The Twixt Picture

Some details of pictures become just as or even more famous than the main painting itself: the cherubs on Raphael’s Sistine Madonna or the hands of Adam and God in Michelangelo’s Creation of Adam. We have to admit the two putti, symbolizing heavenly and earthly love, sitting on the floor by Danae’s bed in Correggio’s painting always are our main focus when we look at the depicted scene.

The painting was painted around 1531 and depicts one of the four stories in Ovid’s Metamorphoses about the loves of Jupiter. It was commissioned by Frederick II Gonzaga in Mantua as a present for Charles V. It has changed hands and houses many times over the centuries and now it hangs in the Galleria Borghese in Rome.

What we love is the way the putti sit there in the lower right hand corner, wholly oblivious to Danae’s fine form as she is lounging and waiting to receive Jupiter, impregnating her in the form of golden rain descending on her, while a child Eros undresses her. They are so busy with their own little project they pay no attention at all.

Actually, they really look exactly like two mischievous children, deeply buried in mischief, and so they are. They are testing the metal point of an arrow of gold against a goldsmith’s stone to see if it is sharp enough. After that, no doubt, the two rascals will waste no time in handing over the fateful arrow to Eros, who will aim his bow at an unsuspecting couple and cause them to fall in love.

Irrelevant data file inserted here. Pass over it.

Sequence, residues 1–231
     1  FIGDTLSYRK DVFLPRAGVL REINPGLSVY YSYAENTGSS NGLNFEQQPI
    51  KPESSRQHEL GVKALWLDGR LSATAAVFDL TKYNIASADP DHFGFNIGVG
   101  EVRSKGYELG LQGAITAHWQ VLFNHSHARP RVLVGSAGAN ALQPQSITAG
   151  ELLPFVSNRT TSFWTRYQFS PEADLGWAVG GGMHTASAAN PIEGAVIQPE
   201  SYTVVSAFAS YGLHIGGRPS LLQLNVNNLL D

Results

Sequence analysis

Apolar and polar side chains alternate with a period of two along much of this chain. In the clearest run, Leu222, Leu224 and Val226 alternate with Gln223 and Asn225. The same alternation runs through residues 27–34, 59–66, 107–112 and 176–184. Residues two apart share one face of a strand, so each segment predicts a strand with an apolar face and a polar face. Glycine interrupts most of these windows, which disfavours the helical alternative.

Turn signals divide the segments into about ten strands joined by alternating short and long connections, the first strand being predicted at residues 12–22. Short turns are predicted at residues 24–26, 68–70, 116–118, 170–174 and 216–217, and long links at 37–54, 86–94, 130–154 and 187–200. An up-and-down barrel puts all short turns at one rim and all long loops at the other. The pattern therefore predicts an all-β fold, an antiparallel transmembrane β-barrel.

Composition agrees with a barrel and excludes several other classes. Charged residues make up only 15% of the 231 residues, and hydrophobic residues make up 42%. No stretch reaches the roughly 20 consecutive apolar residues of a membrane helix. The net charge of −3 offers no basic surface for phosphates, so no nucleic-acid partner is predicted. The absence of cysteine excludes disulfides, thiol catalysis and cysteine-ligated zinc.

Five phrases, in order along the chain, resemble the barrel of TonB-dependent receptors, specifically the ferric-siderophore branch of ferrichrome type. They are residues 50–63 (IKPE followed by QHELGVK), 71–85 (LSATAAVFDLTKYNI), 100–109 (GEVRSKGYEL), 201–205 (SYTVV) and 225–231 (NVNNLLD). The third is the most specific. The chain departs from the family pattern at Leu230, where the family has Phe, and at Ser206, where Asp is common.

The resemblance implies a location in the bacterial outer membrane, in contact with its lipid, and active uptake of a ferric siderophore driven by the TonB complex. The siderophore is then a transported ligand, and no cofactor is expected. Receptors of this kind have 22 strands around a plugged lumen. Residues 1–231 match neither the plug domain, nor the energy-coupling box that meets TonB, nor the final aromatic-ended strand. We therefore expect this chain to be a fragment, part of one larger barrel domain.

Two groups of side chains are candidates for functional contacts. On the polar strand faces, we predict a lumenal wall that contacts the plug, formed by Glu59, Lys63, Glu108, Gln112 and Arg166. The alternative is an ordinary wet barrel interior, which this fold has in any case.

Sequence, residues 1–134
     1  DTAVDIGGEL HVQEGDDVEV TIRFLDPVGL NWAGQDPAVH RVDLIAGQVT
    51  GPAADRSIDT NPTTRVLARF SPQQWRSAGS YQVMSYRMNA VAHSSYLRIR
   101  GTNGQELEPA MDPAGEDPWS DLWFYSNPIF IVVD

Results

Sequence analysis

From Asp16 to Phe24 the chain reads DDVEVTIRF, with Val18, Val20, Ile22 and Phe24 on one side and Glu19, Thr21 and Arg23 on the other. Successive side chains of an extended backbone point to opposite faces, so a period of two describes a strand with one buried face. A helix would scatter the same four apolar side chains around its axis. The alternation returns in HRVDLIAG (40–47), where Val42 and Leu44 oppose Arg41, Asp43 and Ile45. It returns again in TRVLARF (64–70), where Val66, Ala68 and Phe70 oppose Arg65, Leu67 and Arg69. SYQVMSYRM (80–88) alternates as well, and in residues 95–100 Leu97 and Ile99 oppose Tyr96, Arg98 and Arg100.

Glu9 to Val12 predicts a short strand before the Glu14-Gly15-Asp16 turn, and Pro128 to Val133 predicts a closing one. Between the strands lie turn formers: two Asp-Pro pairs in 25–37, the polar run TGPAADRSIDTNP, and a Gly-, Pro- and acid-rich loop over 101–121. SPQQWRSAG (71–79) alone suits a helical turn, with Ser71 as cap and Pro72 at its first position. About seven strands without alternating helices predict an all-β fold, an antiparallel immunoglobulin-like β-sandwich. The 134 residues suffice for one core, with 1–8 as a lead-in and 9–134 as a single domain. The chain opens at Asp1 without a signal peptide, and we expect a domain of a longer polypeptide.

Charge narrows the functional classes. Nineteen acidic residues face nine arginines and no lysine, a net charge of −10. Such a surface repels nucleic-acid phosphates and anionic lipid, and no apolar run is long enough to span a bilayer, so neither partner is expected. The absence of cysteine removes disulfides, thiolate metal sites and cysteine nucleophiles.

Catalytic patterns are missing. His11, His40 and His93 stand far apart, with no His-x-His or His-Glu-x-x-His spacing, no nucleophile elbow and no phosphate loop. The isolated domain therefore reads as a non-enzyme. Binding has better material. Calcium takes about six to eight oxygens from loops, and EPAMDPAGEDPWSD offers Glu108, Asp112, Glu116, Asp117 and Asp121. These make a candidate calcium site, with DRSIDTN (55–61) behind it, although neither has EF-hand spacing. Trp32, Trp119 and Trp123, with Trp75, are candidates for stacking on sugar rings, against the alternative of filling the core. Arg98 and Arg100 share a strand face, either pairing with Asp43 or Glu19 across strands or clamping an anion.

To us this picture of unsuspected mischievousness while greater events are going on elsewhere close by perfectly represents what we wanted to do when we set out to write Twixt Two Equal Armies. The framework was that familiar and loved story of Pride and Prejudice between Elizabeth Bennet and Fitzwilliam Darcy but we added our own unsuspecting couple right beside their classic love story. We also transported all of them away from Hertfordshire and Derbyshire to an even more northern location. Mischievous indeed! And arrows and sharpening certainly fits our story the way Holly and Baugham clash before they surrender!

So maybe we have to concede that the detail of the little scoundrels says as much about us as our story although we do prefer the epitaph of scheming wenches to chubby putti. Anyway, next time you look at a monumental painting, it would be good to pay attention to the smaller details. Who knows, there might be a fascinating story lurking about where you least expect it!

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  1. tina
    24/02/2011 at 4:51 pm Permalink

    At my summer book club party for “Twixt,” after we hung up with you– someone asked “I wonder why they picked that picture for the cover?” NOW I can pass this along. Thanks.